Ask most people to describe the kind of special materials you might want to test with a materials tester and how many would include shell in their answer? But, thanks to the work of two student using a Tinius Olsen machine to test shells, changes can be made to fisheries policy that will help to conserve important shellfish stocks and maintain them for future.
The story is based on the Isle of Man, a small self-governing island to the west of Britain, who’s main claims to fame are perhaps the Manx breed of cat (notable for not having a tail) and the Isle of Man motorcycle TT races.
The island’s Department of Agriculture Fisheries and Forestry initiated a project with the University of Liverpool’s Marine Biology Department – based on the Island – to examine the effects of harvesting techniques on scallops. These are a type of shellfish found in the waters around the island and are harvested using a dredging method.
This involves dragging metal bars across the seabed causing the scallops to be flipped up into a net. Smaller, immature, scallops drop back through the net to continue growing. There was concern however, at how to assess the maximum size and weight of bars that could be used without damaging the shells of the younger shellfish.
Marine biology students Catherine Sinfield and Matthew Mosley were given the task of measuring the typical strength of scallop shells found in different areas. They needed a materials tester and as the University did not have one of its own on the island, they turned for help to the local further education college.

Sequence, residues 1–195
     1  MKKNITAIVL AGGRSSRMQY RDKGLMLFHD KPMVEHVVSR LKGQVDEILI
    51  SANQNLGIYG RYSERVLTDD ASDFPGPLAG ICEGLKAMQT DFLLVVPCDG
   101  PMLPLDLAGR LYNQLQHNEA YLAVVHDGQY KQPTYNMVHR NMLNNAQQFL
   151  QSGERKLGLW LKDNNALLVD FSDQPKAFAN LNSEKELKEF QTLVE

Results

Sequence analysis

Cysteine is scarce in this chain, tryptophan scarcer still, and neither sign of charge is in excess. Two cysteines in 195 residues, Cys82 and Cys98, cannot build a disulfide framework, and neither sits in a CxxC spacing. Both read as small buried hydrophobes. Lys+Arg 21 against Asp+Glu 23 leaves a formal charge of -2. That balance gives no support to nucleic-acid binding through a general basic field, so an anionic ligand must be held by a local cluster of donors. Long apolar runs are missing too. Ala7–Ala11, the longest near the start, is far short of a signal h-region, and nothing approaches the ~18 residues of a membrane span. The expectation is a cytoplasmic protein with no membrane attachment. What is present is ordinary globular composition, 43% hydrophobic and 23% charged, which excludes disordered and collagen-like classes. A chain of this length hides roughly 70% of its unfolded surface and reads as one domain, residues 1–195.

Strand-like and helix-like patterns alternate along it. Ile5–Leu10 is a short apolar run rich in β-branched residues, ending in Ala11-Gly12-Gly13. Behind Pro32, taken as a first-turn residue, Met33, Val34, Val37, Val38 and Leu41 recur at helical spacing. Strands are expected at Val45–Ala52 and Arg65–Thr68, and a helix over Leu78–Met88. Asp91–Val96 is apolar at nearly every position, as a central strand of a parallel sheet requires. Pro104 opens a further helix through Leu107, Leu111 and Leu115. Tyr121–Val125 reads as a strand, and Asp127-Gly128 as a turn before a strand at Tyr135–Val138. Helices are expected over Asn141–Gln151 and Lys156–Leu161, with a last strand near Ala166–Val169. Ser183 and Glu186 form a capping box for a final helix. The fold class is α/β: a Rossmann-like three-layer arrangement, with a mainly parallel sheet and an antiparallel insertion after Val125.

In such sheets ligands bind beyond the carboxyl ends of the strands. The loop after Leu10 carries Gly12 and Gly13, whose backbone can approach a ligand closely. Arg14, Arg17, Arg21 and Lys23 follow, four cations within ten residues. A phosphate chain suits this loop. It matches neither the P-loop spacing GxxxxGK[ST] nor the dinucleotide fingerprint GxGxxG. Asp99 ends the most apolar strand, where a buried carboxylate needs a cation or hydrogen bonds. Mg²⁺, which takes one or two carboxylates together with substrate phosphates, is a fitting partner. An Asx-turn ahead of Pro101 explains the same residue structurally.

The College’s materials science lecturer, John Marchment, takes up the story: “The Marine Biological Station does not have its own test equipment, so they asked us to help out. Using our H20KW (no longer in production, now replaced with the H25K S/T-Series) machine with some specially developed grips, they were able to conduct tests on scallops of various ages collected from different fishery areas and record the data for subsequent analy is.
The machine is a nice easy one to use,” says John. “And the test results were invaluable in conducting the project.” The Tinius Olsen machine is regularly used by John’s own students at the College and is also used by other businesses in the area. “Last time it was used by a firm of agricultural engineers for spring rake testing,” says John. The practice seems to be an effective way to offset the costs of providing students with the latest equipment.